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11

My experience in the UK and europe is that it is fairly standard for bands to share a backline, in terms of a drum kit the term "breakables" gets used quite frequently, this refers to snare bass pedal cymbals As in each band brings their own breakables and there will be a basic drum kit (bass drum, at least one rack tom, one floor tom, hi hat and 2-3 ...


10

Will approach this from the standpoint of drums, but the same advice applies to amps and other backline equipment. Communication The best way to handle this would be for the stage manager to get in touch with the owner of the drum kit and clear adjustments ahead of time. If you know who these people are ahead of time, some emails and phone calls can go a ...


10

I have had to do this with 3 of my guitars, and by far my best results have been from filling the hole with wood glue and then pushing 3 matchsticks in. Once the glue dries, I use a new screw - same width as the old one, but longer. Super glue really doesn't work on wood - you need wood glue, or wood filler.


10

Do not try to force the peg out using the string, the ball presses against the peg to lock it in place and you can damage your peg slot by forcing it. Here's how we do it at the shop: Loosen all the strings, enough to get your hand in the sound hole. If your hand is small enough, reach in the sound hole and locate the end of the pin that is broken. Grab it ...


10

For your first question. Your cymbal is oxidized, and the green color is called patina Initially, bare Cu metal atoms react with air to form the pink oxide, cuprite, Cu2O, which has Cu+1 cations. This gradually oxidizes further to the black oxide, tenorite, CuO, with Cu+2 ions. The black sulfide CuS also sometimes forms. In the presence of moisture, ...


9

Pre-cut 'violin chin rest cork' is offered from several suppliers. Yes, you just loosen, insert new cork, tighten. Glue is optional. Or you can buy sheet cork from a craft store and cut it yourself. I bought a small sheet in a rather thicker gauge some 45 years ago. It has provided a lifetime's (so far) supply of replacement corks for water keys and ...


8

I've done this repair several times to the pieces in my maraca collection. I collect the gourd maracas, but gig with synthetic or rawhide. You have two dissimilar surfaces. Close, but not the same. Regular white glue has a lot of water, and the gourd surface of the maraca will want to soak up the water in the glue. I like the yellow carpenters glue. Here ...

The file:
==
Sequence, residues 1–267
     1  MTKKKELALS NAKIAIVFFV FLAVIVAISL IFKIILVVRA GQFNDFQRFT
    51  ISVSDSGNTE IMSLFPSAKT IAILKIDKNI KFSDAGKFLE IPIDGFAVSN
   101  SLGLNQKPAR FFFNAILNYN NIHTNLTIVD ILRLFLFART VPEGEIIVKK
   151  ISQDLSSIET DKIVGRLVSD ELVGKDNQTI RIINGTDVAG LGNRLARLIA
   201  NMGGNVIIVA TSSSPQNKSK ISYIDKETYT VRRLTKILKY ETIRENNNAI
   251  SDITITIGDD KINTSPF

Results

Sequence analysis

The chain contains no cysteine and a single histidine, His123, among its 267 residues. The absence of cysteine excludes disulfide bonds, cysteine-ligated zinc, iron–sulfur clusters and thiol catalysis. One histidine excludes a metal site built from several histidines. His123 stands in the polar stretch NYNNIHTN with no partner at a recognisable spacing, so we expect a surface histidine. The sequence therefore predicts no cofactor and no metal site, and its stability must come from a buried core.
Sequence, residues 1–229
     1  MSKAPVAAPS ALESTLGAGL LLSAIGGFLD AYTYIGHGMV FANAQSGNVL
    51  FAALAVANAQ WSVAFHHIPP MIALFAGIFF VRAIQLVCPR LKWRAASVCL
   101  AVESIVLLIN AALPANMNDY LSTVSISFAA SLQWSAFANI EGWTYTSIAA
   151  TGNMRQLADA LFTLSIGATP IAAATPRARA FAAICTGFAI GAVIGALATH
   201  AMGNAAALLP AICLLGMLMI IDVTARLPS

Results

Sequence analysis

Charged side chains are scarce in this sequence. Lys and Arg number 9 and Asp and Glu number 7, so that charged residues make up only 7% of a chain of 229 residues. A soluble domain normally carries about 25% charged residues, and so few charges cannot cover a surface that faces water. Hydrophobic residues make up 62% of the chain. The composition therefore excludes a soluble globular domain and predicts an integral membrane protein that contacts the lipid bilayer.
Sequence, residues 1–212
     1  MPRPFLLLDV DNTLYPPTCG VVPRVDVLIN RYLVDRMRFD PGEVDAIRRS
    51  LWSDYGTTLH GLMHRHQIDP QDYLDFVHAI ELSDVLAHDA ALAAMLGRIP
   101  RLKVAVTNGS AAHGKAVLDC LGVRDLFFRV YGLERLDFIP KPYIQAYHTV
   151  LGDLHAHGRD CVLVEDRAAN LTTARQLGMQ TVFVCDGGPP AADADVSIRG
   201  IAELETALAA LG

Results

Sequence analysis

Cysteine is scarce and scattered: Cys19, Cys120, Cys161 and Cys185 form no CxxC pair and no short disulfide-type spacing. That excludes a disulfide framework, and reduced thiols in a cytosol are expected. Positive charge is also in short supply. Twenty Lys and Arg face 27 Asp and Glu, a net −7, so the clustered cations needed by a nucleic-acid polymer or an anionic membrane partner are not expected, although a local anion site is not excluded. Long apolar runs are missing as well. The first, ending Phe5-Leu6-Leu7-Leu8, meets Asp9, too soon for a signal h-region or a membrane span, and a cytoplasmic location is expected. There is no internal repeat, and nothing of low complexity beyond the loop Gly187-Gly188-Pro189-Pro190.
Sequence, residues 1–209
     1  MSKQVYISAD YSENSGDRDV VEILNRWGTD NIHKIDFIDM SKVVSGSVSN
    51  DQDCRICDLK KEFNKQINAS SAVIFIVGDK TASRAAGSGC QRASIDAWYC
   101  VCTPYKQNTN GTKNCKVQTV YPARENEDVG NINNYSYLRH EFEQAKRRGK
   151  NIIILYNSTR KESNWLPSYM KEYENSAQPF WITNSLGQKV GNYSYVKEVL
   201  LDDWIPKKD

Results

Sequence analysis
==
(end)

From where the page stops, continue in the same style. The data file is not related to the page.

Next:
8

This is kind of a hack, but I have a Strat that was fixed this way more than 30 years ago... Break a wooden toothpick off in the screw hole and reinsert the screw. Do not over-tighten the screw or you'll end up back where you were.


8

Your guitar looks pristine for being 20 years old compared to my dinged up 1970 Gibson J45. Personally all the dings in the picture seem somewhat less likely to be a problem than ding #1 which makes me wonder how far that crack goes and if it extends unseen to under the bridge. The first question I think that you should ask is, "does this instrument have ...


8

Strap locks are generally designed for electric guitars, because electrics are more often heavy, and it's heavy instruments that tend to shake their straps loose. Hence, locking buttons are usually attached with a long wood screw, buried into the solid wood. Acoustics tend not to have those deep solid wooden areas. If you like to have your strap attached ...


8

It looks as though the cracking is in the lacquer only. If that's the case, then it will probably be o.k. However, if the wood itself is cracked, the sound may well be compromised, and will reflect in the fact that the guitar could only be worth 1/3 of its value, as it will need expert repair. The best way to tell is to tap the soundboard to hear if the ...


7

As Mark says, there are various products you can coat your pegs with to increase friction. Your local music shop will probably have something. In the past I have even used rosin in an emergency but it will leave dust and mess over time.


7

It really depends on where it was taken, who it was taken to, and how much needed to be done to it. If it was taken to a small, local person with little demand and all it needed was new corks / pads, it wouldn't be too much. If it was local or taken out of state to someone in high-demand / highly regarded and needed a lot of work, it could also have cost a ...


7

A trombone is the sum of its components. And the words of the economist, Thomas Sowell, "There are no solutions, only compromises..." applies to the trombone world as well. Part of why you might like the Bach are some of the things that you are trying to "fix." Similarly, part of the reason you liked the CL2000 valve may be because you also like the Conn ...


6